Sorry I haven't responded with updates for a long time. I retired at age 59 and pursued my dream of living on the coast. I chose Lincoln City a small "beach" town. Population of 7000 until summer when tourists bring it up to 35000. After 8 years, I tired of dreary winters and bought a second home in Gold Canyon, AZ. I spend about 6 months in each location so I have the best of both worlds. Several Nortons now live in the area. My brother and sister-in-law (Linda Cowlich) also live in Gold Canyon, sister (Jane) lives in nearby Mesa and my niece and her family live in Scottsdale. 


I did lots of exciting and adventurous travels for ten years and now I only travel between by two homes. A few years ago, I tired of the drive back and forth so I bought a second car (a 2001 Civic with 25000 miles). I am now a single woman with 2 homes, 2 cars and no debt. You think I would find a Prince with that background. Actually, I have enjoyed my single life and stubborn independence.  I enjoy  and welcome visitors either place.


My brother Doug and Linda recently attended another high school reunion. This year it was at Bob Judd's at his wife's ranch in Montana. They have been pretty regular with yearly reunions. 


 Dave Lyons recently had a very interesting trip to France and has a great story to tell of a moving memorial to late wife Joanne's father and his death in WWII.

 A 75th Memorial celebration was held in Rully, France for the father of my late first wife Joanne Fay Lyons,  class of 1961, and Jan Fay Thompson class of 1959. General Patton’s 5th Armored Recon leader was Lt. Col Kent Fay  who was killed here on August 30, 1944  when his armored car was hit by a German 88mm gun….days after Paris was liberated on August 25th and 26th 1944. It was an amazing memorial site and ceremony that this little farm town, of maybe 300 people 25 miles north of Paris, organized for this emotional event  in late August : French reenactors in US uniforms, vintage Jeeps, bag pipe band , color guard, motorcycle escorts, a French plane fly over , many local dignitaries, flora sprays, speeches by many including my son Kent, and an MC (Master of Ceremony) sent up by the US Embassy. Probably over 175 towns people attended the memorial and reception . Also, two French resistance fighters who were killed in the same action, were honored in a following event.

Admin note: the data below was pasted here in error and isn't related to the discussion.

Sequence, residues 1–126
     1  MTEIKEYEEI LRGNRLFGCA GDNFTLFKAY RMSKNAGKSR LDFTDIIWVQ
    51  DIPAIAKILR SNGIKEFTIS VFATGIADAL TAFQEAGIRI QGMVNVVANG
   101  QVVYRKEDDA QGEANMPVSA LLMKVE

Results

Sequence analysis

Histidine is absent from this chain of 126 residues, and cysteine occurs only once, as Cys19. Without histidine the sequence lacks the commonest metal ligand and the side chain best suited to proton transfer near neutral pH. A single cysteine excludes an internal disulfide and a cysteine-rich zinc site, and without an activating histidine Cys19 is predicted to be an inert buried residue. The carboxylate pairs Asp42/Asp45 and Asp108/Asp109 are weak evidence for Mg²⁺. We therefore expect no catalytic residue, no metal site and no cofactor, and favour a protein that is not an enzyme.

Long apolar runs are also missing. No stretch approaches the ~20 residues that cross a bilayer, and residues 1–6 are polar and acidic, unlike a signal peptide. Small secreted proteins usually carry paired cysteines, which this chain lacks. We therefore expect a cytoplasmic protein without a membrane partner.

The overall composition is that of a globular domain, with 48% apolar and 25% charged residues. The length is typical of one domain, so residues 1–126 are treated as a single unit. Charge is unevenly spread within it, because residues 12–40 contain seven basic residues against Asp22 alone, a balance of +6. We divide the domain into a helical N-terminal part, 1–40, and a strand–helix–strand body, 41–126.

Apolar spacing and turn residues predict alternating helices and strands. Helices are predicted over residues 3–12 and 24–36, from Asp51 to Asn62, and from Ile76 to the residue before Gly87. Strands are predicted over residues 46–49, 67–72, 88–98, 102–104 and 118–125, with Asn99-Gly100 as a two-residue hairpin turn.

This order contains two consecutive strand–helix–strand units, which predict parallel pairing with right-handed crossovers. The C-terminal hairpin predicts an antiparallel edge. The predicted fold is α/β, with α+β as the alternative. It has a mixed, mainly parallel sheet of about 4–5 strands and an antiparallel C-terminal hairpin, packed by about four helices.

The top picture ( we have hundreds) shows the ten family members who traveled there. it included Jan Thompson, her daughter Whitney and her husband, Danny and her son David. Also there were myself and my three children , Suzanne, Sean and his son Ryder ( bow tie ), Kent and his long time French/Brazilian partner, Sylvie.  She was invaluable as an interpreter helping the US Embassy MC who was an American who has worked there for many years as a policy expert.